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Neurology India
Medknow Publications on behalf of the Neurological Society of India
ISSN: 0028-3886 EISSN: 1998-4022
Vol. 51, Num. 2, 2003, pp. 285-286

Neurology India, Vol. 51, No. 2, April-June, 2003, pp. 285-286

Letter to Editor

Predicting long-term morbidity in Indian patients with ischemic stroke

S. Kumar
Neurology Unit, Department of Neurological Sciences, Christian Medical College Hospital, Vellore, Tamilnadu- 632004, India.

Code Number: ni03094


I read with great interest the recent article by Panicker JN et al.1 Based on a prospective study, they conclude that patients with upper limb power of grade 3/5 or less, aphasia or CRP positivity have greater disability at six months as assessed by Barthel's index of activities of daily living. I would like to make certain observations.

Firstly, data regarding the percentage of patients with severe disability at six months has not been provided. Also, it is not clear whether patients who expired were included in the final analysis. It would be more meaningful to include expired patients in the severely disabled group for final analysis.

Secondly, I have concerns regarding the mode of follow up- telephonic and postal. The information provided by relatives may have been correct but it could have been otherwise too. Researchers were not blinded and this could also lead to bias in the results obtained. In addition, we need to assess parameters other than those that can be assessed by Barthel's index for predicting long-term outcome in stroke. These include presence of cognitive impairment, post-stroke seizures, and vascular parkinsonism. A physician could best assess these.

The most robust predictors of disability at five years after stroke were found to be increasing age, stroke severity and recurrent strokes.2 In the present study, the authors have confirmed the point about stroke severity (upper limb power of grade 3/5 or less and presence of aphasia), however data regarding the role of increasing age and recurrent strokes on the outcome has not been elaborated.

The most important finding of this study is that C reactive protein (CRP) positivity at admission predicts a greater disability at six months. However, the timing of CRP assessment (in relation to stroke onset) is not clear from the study. It was found in an earlier study3 that a CRP increase between 12 to 24 hours after symptom onset predicts an unfavorable outcome, whereas a CRP rise within 12 hours of symptom onset is not independently related to poor outcome. However, in another study,4 CRP at discharge (as against within 24 hours or between 48-72 hours after stroke onset) was better related to one-year outcome.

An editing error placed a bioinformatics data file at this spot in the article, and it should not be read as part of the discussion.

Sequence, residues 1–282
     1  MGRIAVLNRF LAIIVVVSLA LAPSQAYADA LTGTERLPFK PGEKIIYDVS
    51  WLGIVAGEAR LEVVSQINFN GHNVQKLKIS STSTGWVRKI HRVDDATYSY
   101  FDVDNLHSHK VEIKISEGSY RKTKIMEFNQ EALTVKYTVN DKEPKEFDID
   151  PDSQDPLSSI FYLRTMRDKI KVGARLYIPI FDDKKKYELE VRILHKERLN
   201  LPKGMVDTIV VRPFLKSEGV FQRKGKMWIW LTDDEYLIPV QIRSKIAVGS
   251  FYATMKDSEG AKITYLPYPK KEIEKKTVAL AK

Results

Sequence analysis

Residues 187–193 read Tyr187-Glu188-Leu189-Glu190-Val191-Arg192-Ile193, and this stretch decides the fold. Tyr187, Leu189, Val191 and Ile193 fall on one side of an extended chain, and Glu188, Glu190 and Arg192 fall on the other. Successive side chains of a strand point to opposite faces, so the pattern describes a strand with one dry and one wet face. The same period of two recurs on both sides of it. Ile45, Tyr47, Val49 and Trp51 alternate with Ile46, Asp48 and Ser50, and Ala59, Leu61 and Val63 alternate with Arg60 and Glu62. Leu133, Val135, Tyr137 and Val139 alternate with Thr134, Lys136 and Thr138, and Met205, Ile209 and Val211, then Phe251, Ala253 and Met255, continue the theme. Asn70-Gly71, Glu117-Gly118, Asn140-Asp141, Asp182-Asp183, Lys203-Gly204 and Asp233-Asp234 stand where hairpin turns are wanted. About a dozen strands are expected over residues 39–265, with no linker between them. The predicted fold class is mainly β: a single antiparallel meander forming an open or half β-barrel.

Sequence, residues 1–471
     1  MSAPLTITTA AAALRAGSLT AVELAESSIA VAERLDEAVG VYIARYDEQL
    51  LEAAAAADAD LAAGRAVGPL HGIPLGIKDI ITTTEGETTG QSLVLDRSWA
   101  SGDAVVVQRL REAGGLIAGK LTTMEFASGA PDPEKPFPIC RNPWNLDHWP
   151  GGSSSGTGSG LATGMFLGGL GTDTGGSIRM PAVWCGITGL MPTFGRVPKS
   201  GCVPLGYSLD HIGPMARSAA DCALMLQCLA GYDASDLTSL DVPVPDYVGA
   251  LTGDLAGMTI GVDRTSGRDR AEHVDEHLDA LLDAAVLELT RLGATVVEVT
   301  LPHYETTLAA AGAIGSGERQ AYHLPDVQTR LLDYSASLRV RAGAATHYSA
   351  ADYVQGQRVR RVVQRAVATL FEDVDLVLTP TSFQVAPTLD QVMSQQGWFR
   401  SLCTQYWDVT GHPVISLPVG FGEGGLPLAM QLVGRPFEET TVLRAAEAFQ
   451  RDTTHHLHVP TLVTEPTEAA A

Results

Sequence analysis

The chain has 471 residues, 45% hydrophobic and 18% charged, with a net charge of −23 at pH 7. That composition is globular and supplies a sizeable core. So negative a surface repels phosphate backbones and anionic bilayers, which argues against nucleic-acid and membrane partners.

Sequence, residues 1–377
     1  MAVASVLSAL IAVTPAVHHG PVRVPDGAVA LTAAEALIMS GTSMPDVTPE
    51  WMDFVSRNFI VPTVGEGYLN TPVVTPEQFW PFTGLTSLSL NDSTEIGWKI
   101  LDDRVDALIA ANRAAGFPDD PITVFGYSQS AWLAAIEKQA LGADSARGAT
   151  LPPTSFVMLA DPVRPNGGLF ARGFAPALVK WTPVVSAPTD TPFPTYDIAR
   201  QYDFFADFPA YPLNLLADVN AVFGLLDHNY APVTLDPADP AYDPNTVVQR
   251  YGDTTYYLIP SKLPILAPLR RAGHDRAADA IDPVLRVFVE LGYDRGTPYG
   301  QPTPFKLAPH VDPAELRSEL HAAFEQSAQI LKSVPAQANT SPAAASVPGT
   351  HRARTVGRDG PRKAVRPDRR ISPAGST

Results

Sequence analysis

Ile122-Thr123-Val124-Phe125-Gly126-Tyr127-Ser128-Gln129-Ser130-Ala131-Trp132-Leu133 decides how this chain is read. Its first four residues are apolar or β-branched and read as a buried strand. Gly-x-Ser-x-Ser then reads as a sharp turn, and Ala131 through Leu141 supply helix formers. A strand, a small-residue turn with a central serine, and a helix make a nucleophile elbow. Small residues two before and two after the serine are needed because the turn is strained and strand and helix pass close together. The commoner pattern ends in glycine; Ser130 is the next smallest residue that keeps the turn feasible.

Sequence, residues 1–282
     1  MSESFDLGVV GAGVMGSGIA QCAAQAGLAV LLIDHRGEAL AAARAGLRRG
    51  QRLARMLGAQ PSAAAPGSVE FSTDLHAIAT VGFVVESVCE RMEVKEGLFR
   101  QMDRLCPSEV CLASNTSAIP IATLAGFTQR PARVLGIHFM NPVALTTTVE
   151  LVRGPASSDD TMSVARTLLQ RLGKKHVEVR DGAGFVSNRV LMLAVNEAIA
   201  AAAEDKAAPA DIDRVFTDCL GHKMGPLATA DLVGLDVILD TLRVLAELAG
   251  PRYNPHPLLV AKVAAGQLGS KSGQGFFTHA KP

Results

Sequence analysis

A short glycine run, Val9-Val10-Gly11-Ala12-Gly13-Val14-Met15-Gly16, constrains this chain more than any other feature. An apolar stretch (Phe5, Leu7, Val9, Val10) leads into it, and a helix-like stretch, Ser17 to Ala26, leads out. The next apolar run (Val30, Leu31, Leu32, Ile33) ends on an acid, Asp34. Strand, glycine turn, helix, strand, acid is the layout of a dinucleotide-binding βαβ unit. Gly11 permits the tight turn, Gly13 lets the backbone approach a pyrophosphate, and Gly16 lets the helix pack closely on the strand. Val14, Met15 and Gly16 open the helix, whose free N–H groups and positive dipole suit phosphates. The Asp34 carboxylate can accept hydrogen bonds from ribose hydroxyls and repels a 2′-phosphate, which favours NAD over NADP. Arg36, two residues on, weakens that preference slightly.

1. Panicker JN, Thomas M, Pavithran K, Nair D, Sarma PS. Morbidity predictors in ischemic stroke. Neurology India 2003;51:49-51.
2. Hankey GJ. Long-term outcome after alchemic stroke/transient ischemic attack. Cerebrovasc Dis. 2003;16(Suppl 1):14-9.
3. Winbeck K, Poppert H, Etgen T, Conrad B, Sander D. Prognostic relevance of early serial C-reactive protein measurements after first ischemic stroke. Stroke 2002;33:2459-64.
4. Di Napoli M, Papa F, Bocola V. C-reactive protein in ischemic stroke: an independent prognostic factor. Stroke 2001;32:917-24.

Authors' Reply

J. N. Panicker, M. Thomas, K. Pavithran,* M. D. Nair,** P. S. Sarma**
Department of Medicine and *Hematology, Medical College, Thiruvananthapuram, Kerala-695011, India, and Department of **Neurology, Achutha Menon Centre for Health Science Studies, Sree Chitra Thirunal Institute for Medical Sciences and Technology, Thiruvananthapuram, Kerala695011, India.


We appreciate the observations made regarding our article Morbidity predictors in ischemic stroke. Neurology India 2003;51:49-51. The analysis done at 6 months was regarding predictors of morbidity. Hence patients who expired were not included. This analysis is unique, as previous studies had studied only the relationship between C reactive protein (CRP) positivity and mortality.

During follow up, disability was assessed telephonically independent of degree of disability at discharge. Activities of daily living (ADL) reported by telephone interviews have been shown to correlate highly with ADL measured from direct examination.1 Barthel index, an important ADL scale, was used to assess outcome, as ADL independence is the overall major goal for stroke survivors. Recurrence of stroke and age were not found to be significant predictors. Difference in observation may be due to smaller sample size in the present study. CRP was studied within 24-48 hours of admission.


1. Shinar D, Gross CR, Bronstein KS, Licata-Gehr EE, Eden DT, Cabrara AR, et al. Reliabilities of the activities of daily living scale and its use in the telephone interview. Arch Phys Med Rehabil 1987;68:723-8.

Copyright 2003 - Neurology India. Also available online at

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